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Maria Ftanou

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    ES15 - The Management of Cancer Treatment in Thoracic Malignancy (ID 18)

    • Event: WCLC 2019
    • Type: Educational Session
    • Track: Nursing and Allied Professionals
    • Presentations: 1
    • Now Available
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      ES15.04 - Managing Sleep Difficulties and Cancer (Now Available) (ID 3238)

      11:00 - 12:45  |  Presenting Author(s): Maria Ftanou

      • Abstract
      • Presentation
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      This paper discusses evidence-based interventions for managing sleep difficulties in people with cancer.

      Insomnia is a common sleep problem in people with cancer. Insomnia refers to the difficulty of falling asleep, staying asleep and early morning awakenings. It causes distress or impairment in important areas of functioning, such as relationships and employment. It is estimated that between 30-60% of cancer survivors experience significant sleep disturbances that can persist for up to five years post treatment. Aside from greatly impacting on quality of life, poor sleep is associated with anxiety, depression, concentration and memory difficulties, higher rates of pain, increased use of sedatives and poorer work performance [1-3]. People with lung cancer are at an increased risk of experiencing sleep difficulties because of their generally older age, compromised respiratory function, increased disease burden and the impact of treatments [4]. Sleep difficulties also have economic and social impacts on the broader community, due to increased health system costs, productivity losses and wellbeing costs [5].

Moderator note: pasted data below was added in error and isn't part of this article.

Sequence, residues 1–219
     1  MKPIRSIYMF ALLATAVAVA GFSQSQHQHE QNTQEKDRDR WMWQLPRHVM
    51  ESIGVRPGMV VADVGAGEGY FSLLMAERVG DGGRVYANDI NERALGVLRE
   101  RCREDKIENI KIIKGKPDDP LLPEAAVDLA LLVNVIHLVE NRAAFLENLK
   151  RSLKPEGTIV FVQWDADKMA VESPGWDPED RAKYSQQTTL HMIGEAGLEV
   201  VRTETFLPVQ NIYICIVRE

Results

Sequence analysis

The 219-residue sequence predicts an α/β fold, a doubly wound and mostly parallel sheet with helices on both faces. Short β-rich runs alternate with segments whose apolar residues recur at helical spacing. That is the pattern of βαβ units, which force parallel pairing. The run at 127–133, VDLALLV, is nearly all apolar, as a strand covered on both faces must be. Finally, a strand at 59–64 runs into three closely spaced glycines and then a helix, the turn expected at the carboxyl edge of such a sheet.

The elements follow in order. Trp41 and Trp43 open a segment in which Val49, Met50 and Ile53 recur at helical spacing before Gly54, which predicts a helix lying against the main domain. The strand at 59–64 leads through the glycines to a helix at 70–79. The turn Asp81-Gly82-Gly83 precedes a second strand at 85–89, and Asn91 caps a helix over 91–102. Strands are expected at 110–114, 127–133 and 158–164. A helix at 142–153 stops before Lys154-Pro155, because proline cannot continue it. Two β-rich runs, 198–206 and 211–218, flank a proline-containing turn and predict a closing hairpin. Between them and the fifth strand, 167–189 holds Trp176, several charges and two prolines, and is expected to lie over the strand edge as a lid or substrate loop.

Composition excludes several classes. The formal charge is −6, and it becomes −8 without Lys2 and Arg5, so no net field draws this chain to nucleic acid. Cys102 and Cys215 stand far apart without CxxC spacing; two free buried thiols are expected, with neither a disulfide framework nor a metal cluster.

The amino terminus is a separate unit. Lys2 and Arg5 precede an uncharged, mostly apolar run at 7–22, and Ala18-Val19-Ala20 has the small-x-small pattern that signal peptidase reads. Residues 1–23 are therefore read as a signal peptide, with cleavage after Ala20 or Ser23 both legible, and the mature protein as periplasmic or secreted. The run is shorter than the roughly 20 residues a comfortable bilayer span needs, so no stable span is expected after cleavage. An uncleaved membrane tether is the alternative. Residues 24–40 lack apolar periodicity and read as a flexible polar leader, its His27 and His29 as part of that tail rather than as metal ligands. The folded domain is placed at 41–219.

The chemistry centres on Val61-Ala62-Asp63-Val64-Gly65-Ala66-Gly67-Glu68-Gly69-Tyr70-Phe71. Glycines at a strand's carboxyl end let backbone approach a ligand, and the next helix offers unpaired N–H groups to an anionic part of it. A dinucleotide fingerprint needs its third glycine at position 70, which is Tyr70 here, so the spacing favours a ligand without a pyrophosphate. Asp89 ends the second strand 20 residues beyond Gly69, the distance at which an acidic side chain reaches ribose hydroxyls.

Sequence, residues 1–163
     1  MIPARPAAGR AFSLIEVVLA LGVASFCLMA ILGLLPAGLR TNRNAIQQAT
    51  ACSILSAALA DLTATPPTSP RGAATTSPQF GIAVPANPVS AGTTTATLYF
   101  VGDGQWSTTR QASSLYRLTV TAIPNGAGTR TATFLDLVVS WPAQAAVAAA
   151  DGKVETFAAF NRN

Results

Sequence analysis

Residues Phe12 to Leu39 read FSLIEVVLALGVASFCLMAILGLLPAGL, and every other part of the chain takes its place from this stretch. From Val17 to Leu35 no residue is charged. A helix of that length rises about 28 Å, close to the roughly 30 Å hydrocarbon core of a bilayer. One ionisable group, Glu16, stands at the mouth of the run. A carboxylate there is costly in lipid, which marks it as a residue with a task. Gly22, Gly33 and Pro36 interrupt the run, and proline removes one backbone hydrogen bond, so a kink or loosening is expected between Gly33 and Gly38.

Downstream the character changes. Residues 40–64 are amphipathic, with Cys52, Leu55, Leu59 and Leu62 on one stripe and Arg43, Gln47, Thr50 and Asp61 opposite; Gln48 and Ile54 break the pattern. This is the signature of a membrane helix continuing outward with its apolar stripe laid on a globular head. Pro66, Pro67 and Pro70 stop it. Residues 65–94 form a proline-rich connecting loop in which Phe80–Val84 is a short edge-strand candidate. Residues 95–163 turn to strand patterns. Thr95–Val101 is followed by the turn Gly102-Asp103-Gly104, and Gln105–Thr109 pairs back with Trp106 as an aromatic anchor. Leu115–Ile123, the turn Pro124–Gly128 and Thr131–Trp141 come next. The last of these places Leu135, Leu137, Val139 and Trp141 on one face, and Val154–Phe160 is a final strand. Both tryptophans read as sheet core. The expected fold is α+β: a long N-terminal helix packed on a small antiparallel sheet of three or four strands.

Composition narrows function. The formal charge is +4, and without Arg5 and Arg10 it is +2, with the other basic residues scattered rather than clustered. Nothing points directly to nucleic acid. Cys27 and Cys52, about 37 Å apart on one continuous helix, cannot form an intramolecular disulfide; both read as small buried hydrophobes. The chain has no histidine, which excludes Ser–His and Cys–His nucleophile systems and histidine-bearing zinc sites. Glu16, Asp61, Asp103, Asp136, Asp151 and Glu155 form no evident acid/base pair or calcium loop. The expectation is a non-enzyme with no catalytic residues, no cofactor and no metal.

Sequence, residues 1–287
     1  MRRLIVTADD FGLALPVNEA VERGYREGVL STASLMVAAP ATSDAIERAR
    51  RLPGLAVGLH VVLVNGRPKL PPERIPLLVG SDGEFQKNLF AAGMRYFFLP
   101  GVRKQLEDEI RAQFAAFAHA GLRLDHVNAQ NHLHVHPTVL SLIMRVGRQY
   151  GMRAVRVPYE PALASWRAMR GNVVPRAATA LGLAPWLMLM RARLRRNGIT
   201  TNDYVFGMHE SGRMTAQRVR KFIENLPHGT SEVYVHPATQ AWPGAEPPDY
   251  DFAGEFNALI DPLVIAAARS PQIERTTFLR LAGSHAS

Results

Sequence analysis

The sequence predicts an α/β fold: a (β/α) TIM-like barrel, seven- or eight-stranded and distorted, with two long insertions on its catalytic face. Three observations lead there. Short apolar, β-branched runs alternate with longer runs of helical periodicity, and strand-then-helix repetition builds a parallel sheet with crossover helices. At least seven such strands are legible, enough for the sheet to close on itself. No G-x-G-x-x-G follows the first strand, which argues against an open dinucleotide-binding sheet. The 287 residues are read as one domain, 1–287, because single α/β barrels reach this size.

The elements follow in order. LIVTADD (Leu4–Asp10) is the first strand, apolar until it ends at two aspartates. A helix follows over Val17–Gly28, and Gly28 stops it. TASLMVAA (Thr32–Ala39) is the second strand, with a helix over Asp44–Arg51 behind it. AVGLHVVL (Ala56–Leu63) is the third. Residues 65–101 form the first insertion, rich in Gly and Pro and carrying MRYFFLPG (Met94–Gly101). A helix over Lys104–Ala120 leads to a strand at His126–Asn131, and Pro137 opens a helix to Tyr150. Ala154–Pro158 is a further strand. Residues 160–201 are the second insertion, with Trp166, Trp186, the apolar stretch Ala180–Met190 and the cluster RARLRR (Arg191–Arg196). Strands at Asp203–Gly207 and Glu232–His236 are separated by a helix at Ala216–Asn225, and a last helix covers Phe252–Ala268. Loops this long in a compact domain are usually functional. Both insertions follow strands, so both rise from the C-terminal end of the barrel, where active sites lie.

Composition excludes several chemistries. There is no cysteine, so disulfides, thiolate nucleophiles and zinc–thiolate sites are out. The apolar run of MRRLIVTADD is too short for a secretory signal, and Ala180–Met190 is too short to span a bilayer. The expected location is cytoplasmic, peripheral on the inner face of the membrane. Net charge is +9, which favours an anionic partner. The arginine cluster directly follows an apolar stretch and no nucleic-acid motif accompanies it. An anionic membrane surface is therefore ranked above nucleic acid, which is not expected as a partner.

Cognitive Behaviour Therapy (CBT) is considered to be the first-line treatment for insomnia [6]. CBT targets dysfunctional attitudes, beliefs and habits that interfere with sleep. CBT for insomnia commences with a comprehensive assessment about the nature and duration of sleep complaints, the impact on daytime functioning, compensatory behaviours, the person's beliefs about sleep and any other biopsychosocial factors that might be impacting on sleep. Common screening tools used to assess the impact of sleep difficulties include the Insomnia Severity Index (ISI), the Epworth Sleepiness Scale (ESS) and the Pittsburgh Insomnia Rating Scale (PIRS). These tools are self-reporting and easy to administer. CBT for insomnia is a multi-component intervention and includes psychoeducation, sleep hygiene, stimulus control, sleep restriction, relaxation, cognitive strategies and relapse prevention strategies. It is usually delivered between four to eight session modules.